Endianness Little endian.
Program counter width 32
Support for load/store exclusive Enabled.
Fault tolerance Enabled.
Hardware multiplier/divider/barrel shifter Disabled/disabled/enabled.
Debug Enabled. One of each type of break-point.
Fast interrupt Disabled.

PMU Processor Interfaces


The PMU provides input/output signals that are grouped functionally into the following
interfaces.

32-bit AXI master interface to the low-power domain (LPD) interconnect that allows the
PMU to access other PS resources including the SLCR registers and the IPI block.
32-bit AXI slave interface from the LPD inbound switch to allow accesses to the PMU
global registers and the PMU RAM by external processors.
PMU clock and reset signals.
Power control interface to all islands within the PS.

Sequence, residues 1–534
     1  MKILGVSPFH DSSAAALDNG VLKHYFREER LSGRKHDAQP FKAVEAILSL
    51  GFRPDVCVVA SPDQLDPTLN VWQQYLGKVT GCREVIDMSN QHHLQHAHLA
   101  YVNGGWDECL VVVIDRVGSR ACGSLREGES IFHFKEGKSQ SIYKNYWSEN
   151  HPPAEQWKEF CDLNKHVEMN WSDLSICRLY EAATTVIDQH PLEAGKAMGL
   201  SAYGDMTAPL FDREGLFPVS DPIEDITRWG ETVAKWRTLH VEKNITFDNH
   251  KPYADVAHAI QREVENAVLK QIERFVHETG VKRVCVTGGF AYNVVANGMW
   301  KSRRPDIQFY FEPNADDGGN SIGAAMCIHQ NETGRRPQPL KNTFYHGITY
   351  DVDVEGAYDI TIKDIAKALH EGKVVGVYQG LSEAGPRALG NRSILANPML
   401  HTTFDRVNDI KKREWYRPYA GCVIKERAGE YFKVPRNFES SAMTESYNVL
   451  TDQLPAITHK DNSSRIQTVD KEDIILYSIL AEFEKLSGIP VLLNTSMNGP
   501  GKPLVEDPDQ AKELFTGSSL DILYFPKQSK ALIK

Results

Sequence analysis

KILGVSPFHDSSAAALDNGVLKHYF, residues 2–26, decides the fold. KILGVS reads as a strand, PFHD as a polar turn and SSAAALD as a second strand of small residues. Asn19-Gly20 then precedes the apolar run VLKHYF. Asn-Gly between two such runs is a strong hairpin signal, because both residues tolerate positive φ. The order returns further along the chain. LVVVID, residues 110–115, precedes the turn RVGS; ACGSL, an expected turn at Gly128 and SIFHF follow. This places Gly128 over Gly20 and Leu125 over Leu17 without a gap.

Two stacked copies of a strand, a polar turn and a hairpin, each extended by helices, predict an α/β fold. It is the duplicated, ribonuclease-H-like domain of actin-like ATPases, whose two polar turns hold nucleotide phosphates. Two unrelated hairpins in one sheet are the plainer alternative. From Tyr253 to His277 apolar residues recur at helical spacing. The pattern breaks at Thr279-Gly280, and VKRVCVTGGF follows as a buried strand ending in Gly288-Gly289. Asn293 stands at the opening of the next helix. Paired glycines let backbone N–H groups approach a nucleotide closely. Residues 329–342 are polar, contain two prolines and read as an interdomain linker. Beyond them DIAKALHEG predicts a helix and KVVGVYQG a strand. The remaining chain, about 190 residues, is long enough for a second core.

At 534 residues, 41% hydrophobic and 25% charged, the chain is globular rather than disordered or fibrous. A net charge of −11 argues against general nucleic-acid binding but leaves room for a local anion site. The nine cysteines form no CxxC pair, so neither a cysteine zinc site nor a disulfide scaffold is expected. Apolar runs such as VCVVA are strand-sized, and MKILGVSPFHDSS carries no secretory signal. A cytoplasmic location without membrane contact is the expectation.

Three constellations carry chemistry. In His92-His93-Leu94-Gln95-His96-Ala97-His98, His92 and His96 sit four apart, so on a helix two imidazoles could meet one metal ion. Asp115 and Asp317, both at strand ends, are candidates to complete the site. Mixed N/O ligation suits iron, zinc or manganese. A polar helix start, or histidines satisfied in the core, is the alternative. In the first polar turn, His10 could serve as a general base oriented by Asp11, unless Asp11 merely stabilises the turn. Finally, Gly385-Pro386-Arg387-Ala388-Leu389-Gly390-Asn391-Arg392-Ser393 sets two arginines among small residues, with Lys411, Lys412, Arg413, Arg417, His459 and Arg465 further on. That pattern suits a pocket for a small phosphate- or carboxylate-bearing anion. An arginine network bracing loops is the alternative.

L2, OCM, and TCM RAMs.

APU_Cores [3:0].

Dual-core Cortex-R5 real-time processor.

USB0 and USB1.

GPU pixel-processor (PP) PP0 and PP1.

Full-power and PL domain crossing bridges.

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Wake interface from GPIO, RTC, APU GIC, RPU GIC, and USBs. Table 6-3 describes the
GPI/GPO interface signals.

Table 6-3: PMU General Purpose MIO pins


Clamp
Signal Name Size Direction Clock Description
Value
Inputs for external events that are available to the
psio_pmu_gpi 6 Input Async 6b0
PMU.
Signals available to the PMU to control external events.
Some bits are reserved for the PMU_ROM.
pmu_psio_gpo 6 Output pmu_clk
Bit[0] is to control the FPD power supply.
Bit[1] is to control the PL power supply (PLPD).

Interrupt interface.